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IPIQ Basics: WANs

Difficulty level:  • • •
By Lindsay Bull, technical writer

 

Several weeks ago, we wrote about LANs, and we learned that all LANs are networks but not all networks are LANs. So what kinds of other networks are there? A few. But today, we’ll be talking about WANs—wide area networks.

While LANs are defined by groups of devices connected within a physical boundary—like within a house or a university—WANs typically extend over a large geographic area. The WAN we’re most familiar with is the Internet.

The Internet takes multiple LANs and enables them to communicate with each other. So, let’s revisit an image from a previous post:

At the point when the packet reaches the router, and the router routes it up and off the screen, the router is transferring that packet off its LAN and onto its WAN, which, in this case, is the Internet.

Once the packet enters the Internet infrastructure, it’s moved along using network addressing (the IP addresses we learned about a couple weeks ago).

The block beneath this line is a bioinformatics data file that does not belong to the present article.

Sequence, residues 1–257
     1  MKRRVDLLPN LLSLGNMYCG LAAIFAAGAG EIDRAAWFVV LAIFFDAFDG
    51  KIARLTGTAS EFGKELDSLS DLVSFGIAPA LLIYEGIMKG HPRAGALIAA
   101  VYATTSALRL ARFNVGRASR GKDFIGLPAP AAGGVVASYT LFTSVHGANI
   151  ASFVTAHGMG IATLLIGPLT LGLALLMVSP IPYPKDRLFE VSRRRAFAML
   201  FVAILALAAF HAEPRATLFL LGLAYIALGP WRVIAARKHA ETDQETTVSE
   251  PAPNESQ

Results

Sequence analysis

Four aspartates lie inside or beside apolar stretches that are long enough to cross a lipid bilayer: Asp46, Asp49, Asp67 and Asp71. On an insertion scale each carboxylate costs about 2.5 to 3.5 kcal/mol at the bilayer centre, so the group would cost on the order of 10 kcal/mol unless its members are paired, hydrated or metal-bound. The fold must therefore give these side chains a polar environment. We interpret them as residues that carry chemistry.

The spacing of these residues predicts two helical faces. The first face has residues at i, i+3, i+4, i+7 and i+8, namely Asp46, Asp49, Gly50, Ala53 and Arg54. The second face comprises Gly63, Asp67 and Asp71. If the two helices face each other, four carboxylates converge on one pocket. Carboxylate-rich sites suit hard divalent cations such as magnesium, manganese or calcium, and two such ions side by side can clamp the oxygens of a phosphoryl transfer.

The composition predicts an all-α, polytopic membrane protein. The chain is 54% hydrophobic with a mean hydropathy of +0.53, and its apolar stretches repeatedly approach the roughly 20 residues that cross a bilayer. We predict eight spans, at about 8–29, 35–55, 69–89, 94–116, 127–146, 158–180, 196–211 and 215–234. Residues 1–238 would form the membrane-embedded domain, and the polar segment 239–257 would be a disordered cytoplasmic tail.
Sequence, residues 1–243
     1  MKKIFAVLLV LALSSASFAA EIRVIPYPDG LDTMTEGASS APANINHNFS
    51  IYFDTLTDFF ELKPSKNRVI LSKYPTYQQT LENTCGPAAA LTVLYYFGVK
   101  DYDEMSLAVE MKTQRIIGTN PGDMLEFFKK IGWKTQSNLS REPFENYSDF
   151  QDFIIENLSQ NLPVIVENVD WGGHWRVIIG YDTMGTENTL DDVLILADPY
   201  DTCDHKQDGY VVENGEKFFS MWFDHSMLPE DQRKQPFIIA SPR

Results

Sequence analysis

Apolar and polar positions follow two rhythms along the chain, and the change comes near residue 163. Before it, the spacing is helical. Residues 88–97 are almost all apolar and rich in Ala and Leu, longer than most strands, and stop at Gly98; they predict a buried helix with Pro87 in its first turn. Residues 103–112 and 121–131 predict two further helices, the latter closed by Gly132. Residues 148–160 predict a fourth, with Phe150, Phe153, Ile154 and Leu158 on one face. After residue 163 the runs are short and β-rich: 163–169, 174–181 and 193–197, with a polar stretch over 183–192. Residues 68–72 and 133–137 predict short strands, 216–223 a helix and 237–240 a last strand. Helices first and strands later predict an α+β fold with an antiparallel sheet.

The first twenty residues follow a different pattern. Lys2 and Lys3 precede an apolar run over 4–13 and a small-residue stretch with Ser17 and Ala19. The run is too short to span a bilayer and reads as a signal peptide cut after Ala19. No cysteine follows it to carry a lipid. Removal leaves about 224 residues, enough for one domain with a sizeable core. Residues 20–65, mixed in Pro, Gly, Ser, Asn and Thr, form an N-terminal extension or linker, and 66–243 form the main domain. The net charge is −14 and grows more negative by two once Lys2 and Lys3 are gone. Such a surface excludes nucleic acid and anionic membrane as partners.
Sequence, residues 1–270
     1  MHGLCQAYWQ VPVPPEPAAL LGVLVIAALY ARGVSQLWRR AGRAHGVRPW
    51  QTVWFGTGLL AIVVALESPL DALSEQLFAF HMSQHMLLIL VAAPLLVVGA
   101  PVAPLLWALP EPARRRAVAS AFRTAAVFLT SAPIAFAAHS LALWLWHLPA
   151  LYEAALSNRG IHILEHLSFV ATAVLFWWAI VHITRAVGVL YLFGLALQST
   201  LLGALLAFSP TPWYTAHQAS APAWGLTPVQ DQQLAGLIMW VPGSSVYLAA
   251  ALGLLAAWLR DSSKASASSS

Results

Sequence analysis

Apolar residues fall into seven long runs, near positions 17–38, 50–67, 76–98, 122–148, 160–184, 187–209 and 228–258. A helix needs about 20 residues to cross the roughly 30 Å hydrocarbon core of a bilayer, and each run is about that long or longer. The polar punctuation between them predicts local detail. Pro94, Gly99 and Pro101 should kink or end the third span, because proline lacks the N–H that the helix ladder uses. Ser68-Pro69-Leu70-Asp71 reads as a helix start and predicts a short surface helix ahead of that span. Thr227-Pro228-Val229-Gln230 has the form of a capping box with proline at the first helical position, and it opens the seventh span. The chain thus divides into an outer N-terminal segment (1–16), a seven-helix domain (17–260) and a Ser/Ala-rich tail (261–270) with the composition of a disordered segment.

We’re most familiar with the Internet itself as a WAN, but a WAN can be achieved on a smaller and more private scale, and here’s how:

  1. VPN over Internet
    • In this scenario, a WAN could be established utilizing the Internet infrastructure to transfer packets using network addressing, but a VPN must be used in order to make it private
  2. Private WAN
    • Because a WAN is an interconnection of multiple LANs, this can be achieved by using multiple routers connected downstream from each other.  In a larger business installation or university, it may be desired to have different LANs for departments connected to a larger LAN managed by an IT group.  In this case the larger LAN is the WAN for the smaller LANs
  3. Leased line
    • A leased line is a private point-to-point connection between two or more LANs
  4. Circuit switching
    • A circuit path is created between LANs before any packets are transferred and only for the duration of the communication
  5. Packet switching
    • Addressed packets are transferred on a channel, and during the duration of that transfer, that specific channel is unavailable for the transfer of other traffic
  6. Cell relay
    • Cell relay works the same way as packet switching but first breaks the packets into groups of fixed-length cells

Have any questions or like this post? Drop a comment below!

Lindsay Bull

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